Hereditas, Volume 159, pp 1-11; https://doi.org/10.1186/s41065-022-00248-7
Background: Childhood systemic lupus erythematosus (cSLE) is a multisystemic, life-threatening autoimmune disease. Compared to adults, SLE in childhood is more active, can cause multisystem involvement including renal, neurological and hematological, and can cause cumulative damage across systems more rapidly. Autophagy, one of the core functions of cells, is involved in almost every process of the immune response and has been shown to be associated with many autoimmune diseases, being a key factor in the interplay between innate and adaptive immunity. Autophagy influences the onset, progression and severity of SLE. This paper identifies new biomarkers for the diagnosis and treatment of childhood SLE based on an artificial neural network of autophagy-related genes. Methods: We downloaded dataset GSE100163 from the Gene Expression Omnibus database and used Protein–protein Interaction Network (PPI) and Least Absolute Shrinkage and Selection Operator (LASSO) to screen the signature genes of autophagy-related genes in cSLE. A new artificial neural network model for cSLE diagnosis was constructed using the signature genes. The predictive efficiency of the model was also validated using the dataset GSE65391. Finally, "CIBERSORT" was used to calculate the infiltration of immune cells in cSLE and to analyze the relationship between the signature genes and the infiltration of immune cells. Results: We identified 37 autophagy-related genes that differed in cSLE and normal samples, and finally obtained the seven most relevant signature genes for cSLE (DDIT3, GNB2L1, CTSD, HSPA8, ULK1, DNAJB1, CANX) by PPI and LASOO regression screening, and constructed an artificial neural network diagnostic model for cSLE. Using this model, we plotted the ROC curves for the training and validation group diagnoses with the area under the curve of 0.976 and 0.783, respectively. Finally, we performed immunoassays on cSLE samples, and the results showed that Plasma cells, Macrophages M0, Dendritic cells activated and Neutrophils were significantly infiltrated in cSLE. Conclusion: We constructed an artificial neural network diagnostic model of seven autophagy-related genes that can be used for the diagnosis of cSLE. Meanwhile, the characteristic genes affect the immune infiltration of cSLE, which may provide new perspectives for the exploration of cSLE treatment and related mechanisms.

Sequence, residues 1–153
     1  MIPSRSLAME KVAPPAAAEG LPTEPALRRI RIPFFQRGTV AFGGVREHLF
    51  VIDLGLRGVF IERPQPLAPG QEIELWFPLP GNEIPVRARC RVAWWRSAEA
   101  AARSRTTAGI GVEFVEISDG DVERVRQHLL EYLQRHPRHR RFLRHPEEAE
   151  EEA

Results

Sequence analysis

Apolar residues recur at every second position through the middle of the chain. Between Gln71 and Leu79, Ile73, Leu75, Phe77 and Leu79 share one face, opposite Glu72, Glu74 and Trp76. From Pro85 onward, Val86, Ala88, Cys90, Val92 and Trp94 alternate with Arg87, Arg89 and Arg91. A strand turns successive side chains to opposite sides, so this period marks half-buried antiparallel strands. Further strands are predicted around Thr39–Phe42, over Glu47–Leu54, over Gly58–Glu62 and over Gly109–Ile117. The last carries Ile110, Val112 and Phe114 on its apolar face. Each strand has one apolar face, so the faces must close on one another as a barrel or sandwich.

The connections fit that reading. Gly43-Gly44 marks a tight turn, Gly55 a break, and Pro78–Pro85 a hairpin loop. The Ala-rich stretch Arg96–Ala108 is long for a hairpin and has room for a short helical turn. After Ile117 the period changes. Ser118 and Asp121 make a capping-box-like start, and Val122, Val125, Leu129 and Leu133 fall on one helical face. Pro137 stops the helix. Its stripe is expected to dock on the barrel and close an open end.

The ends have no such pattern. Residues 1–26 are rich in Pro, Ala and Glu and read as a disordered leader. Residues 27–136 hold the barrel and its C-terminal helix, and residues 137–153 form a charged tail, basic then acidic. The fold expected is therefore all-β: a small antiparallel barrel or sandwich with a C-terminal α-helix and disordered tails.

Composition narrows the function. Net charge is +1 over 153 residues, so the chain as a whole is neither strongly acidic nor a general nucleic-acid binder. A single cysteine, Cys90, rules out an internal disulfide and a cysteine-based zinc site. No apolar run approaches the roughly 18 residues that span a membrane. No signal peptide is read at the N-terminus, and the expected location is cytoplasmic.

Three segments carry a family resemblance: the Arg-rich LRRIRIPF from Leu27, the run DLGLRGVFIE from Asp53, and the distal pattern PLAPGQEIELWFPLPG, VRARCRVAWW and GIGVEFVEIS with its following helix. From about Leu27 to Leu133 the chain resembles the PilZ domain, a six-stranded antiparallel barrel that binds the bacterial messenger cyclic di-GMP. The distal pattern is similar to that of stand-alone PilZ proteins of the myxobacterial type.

Hereditas, Volume 159, pp 1-7; https://doi.org/10.1186/s41065-022-00247-8